By now, the Node.js server is running and routing HTTP requests to
the correct handler function, the
function, in the correct Node.js local module for that page request. The
local modules contain a simple framework based on the
exports.serve() function that is correct Node.js
code but the
page() function itself
mostly contains PHP code with a few Node.js modifications mixed in. When a
client requests a page, the Node.js server probably stops with a stack
The good news is that the Node.js server infrastructure is done. From here on out, all our conversion efforts are focused on making transformations to the hybrid PHP/Node.js code that constitutes the page itself.
Initially, the hybrid code will be mostly PHP with a little bit of Node.js, but as the conversion techniques from this chapter and the remaining chapters are applied, the balance in hybrid code will shift from being mostly PHP to being a balance of PHP and Node.js, then being mostly Node.js with a little bit of PHP, and finally, being fully working pure Node.js code.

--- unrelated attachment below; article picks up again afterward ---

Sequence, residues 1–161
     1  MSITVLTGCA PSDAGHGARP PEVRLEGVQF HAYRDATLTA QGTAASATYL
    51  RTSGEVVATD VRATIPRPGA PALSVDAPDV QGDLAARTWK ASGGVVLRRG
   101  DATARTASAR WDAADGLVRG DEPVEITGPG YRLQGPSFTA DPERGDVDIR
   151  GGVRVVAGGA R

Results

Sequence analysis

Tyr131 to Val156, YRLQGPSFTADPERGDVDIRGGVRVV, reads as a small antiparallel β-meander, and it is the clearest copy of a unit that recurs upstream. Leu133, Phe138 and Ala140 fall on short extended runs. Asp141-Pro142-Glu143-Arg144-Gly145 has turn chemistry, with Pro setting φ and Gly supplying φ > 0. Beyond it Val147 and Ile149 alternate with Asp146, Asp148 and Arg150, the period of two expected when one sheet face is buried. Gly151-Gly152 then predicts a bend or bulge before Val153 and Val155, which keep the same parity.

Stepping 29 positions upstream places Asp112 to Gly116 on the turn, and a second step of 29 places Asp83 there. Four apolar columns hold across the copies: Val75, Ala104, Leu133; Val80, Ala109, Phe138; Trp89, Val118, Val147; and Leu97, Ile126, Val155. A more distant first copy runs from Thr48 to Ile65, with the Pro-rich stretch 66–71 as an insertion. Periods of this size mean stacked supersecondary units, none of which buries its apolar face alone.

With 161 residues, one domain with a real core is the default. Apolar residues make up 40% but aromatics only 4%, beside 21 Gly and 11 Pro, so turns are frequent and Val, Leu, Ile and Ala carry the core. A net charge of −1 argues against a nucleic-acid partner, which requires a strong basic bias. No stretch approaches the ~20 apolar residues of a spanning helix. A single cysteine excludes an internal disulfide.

In this chapter, we will deal with syntax, the “standard parts” of
a language. The syntax of a language consists of the keywords and symbols
used to create different statements. For example, in Node.js and every other computer language ever
invented, the plus (+) operator is the syntax used to add two numbers
together; in the code fragment
4+5, the plus (+) operator is a piece of syntax. In contrast, the semantics of a language ...